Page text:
One way is through audience referrals. As companies invite speakers to social audio spaces, their followers are notified that there’s a Space happening. When NPR Weekend Edition host Scott Simon interviewed Matthew McConaughey, they did it on Spaces. And that brought Matthew McConaugheys fans to NPR’s Space. “They might not follow NPR, they might not even listen to NPR, they might just be there because they’re Matthew McConaughey fans,” Adams said. “But maybe we pick up some new followers… and that’s key.”

“It’s a great way to just interact with people that you might not be able to interact with otherwise. I think that’s very cool.”

Find new content

Adams said that NPR’s social audio spaces have also sparked content and story ideas from the audience. “Sometimes they’ve said, ‘I think you should be thinking about this or doing that. The host’s like, ‘it’s a good idea. We should think about that or add that to our coverage.’”

NPR has opted to record some of their social audio spaces and later make them downloadable—or even broadcast them on air. They have also transcribed their Twitter Spaces into stories that get page views also grow audiences. All of these tactics allow them to better leverage what might be a one time live-only event in a variety of ways, and to reach broader audiences.

Where Adams has seen social audio really work is for trending topics. They can quickly produce Twitter Spaces to discuss current events and issues, like Ukraine, Russia, or the State of the Union Address.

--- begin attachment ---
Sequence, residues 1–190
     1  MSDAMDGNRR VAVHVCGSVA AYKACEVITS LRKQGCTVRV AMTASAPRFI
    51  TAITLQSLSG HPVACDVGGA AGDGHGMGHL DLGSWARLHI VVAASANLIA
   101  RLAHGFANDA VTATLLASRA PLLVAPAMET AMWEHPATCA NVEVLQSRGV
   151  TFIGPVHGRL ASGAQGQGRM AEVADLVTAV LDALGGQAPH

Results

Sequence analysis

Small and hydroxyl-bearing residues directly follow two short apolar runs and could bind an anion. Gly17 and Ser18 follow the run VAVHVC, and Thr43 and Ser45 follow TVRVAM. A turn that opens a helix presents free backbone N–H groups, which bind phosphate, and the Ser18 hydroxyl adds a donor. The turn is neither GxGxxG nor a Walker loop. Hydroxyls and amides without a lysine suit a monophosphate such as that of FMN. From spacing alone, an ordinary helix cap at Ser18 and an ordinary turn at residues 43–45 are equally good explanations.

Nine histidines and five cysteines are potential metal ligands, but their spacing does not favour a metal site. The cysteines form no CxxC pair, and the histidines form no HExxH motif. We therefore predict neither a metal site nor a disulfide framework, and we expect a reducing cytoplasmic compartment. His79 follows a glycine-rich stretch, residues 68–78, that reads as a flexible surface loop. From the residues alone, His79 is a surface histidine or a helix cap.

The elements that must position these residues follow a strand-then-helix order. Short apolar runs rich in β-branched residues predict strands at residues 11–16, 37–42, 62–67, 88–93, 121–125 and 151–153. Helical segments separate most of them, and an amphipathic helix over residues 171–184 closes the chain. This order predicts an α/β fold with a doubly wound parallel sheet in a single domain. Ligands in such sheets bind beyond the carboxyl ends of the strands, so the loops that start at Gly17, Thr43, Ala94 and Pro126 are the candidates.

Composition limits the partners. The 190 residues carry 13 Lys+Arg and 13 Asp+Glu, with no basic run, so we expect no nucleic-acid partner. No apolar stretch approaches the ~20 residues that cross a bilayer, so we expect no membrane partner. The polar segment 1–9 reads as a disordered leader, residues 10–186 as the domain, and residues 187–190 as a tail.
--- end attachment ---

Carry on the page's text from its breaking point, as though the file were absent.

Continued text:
Listen and learn

As Amazon jumps on the bandwagon this month, it’s clear that social audio isn’t going away soon. And, with potential options to monetize it in the future – from in-app tipping features, to sponsorship, to tickets for premium events – it might become a revenue stream as well.

Social audio offers Zoom-weary audiences the intimacy of podcasts but also the ability to participate in discussions, be brought up on the stage and ask questions directly to speakers in real time.

It is interesting the way in which live social audio experiences mirror live radio, but also how they differ. Unlike pre-recorded segments or podcasts, live offers real time audience engagement. But, as the name would imply, social takes it even further. Audience members can “see” each other. They are able to react even if they don’t speak up. And they feel easily empowered to engage. For younger audiences, who may have never listened to terrestrial or even satellite radio, this new format offers the ease and comfort of social media. But for all audiences, engagement and interaction can clearly reach a new level altogether.

Adams saw this firsthand when NPR hosted a Twitter Space based on a story about college students’ experience during the pandemic. Adams asked the reporter to bring her sources into a Space for a discussion. “And then all of the college students in the audience were joining and then jumping up to talk about what was happening at their school and what they were going through,” he said.  “There was just this big conversation between the sources and the audience, and we were just directing traffic. It was awesome. It was not what you would do on the radio.”